After the latest MacBook Pro refresh failed to deliver the kind of features buyers really wanted, Apple's competitors sensed weaknesss. Instead of an overabundance of USB-C ports and gimmicky touch screens above the keyboard, systems like the new Spectre x360 15 are hoping to entice users back to PC land by offering way better flexibility, faster performance and the ability to live life dongle-free.
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While its original mission was to make high-end gaming mice, Razer's line of products has grown over the years to include everything from keyboards and fitness bands to entire desktops, laptops, and pretty much anything else the company could put RGB lighting in. However, up until now, there was one glaring hole in Razer's otherwise comprehensive lineup: phones.
After all, more people spend time playing Candy Crush and Clash of Clans than even the most popular AAA PC titles. The problem is that when a $289 Moto G5 Plus can play Super Mario Run just as well as a $1579 iPhone X, WTF is a gaming phone even supposed to be?
Every major VR player has made the same promise. A VR headset that would be completely wireless. One that would let you go anywhere without tripping over cords or being tethered to a computer/phone/PS4. Google, which has spent more than a year quietly improving its VR platform, Daydream, is now the first company to cross the standalone finish line. The Daydream-powered Lenovo Mirage Solo is a beauty.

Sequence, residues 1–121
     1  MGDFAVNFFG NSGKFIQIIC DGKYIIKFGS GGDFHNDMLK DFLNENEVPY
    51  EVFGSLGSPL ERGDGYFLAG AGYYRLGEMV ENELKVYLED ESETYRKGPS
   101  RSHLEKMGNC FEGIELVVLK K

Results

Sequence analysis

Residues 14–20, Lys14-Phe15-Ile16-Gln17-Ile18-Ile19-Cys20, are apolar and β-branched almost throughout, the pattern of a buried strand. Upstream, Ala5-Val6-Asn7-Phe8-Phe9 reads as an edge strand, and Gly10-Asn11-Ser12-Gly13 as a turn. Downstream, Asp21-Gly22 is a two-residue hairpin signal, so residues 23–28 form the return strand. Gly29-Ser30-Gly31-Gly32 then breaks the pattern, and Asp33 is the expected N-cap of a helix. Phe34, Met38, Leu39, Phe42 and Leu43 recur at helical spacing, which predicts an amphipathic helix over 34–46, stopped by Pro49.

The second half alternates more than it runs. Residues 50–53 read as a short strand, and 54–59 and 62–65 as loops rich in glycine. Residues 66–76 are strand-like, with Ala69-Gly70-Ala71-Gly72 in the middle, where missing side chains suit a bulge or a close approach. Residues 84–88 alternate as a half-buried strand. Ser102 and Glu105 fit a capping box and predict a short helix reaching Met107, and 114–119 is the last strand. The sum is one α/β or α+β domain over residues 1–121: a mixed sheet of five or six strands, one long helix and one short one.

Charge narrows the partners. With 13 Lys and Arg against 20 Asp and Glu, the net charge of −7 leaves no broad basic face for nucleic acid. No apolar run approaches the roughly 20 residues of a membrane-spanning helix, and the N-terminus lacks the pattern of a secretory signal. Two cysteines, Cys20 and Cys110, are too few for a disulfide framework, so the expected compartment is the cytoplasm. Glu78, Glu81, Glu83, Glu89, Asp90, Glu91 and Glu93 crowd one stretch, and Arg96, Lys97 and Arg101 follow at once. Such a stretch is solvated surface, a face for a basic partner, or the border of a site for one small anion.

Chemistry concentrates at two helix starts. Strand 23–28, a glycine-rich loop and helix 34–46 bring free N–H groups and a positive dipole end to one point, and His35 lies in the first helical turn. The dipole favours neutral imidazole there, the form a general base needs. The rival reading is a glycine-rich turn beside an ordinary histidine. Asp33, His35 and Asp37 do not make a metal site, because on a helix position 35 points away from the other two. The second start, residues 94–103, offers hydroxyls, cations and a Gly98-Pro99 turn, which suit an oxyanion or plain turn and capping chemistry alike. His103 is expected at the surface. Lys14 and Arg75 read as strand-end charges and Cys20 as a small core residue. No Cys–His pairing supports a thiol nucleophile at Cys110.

The Razer Phone is a very powerful piece of Android hardware. The Project Linda concept, revealed today at CES 2018, is a dock for the Razer Phone that turns it into a 13.3-inch Android gaming laptop. Why not?
If gamers wanted to tweak the visuals and colours of a game beyond what was offered through in-game settings, they would often have to resort to third-party tools and injectors. And while the impact could be substantial, the tools could occasionally be tricky to use, and it didn't always work with every game. But now that kind of functionality is being implemented at the driver level, with NVIDIA announcing the release of NVIDIA Freestyle.
Intel and AMD might be fierce competitors for decades, but that hasn't stopped the two chip makers from teaming up to create a new mobile CPU with souped up integrated GPU that will soon be found in gaming and professional laptops from many major computer makers.
We've known about this plan since November, but now we have the details.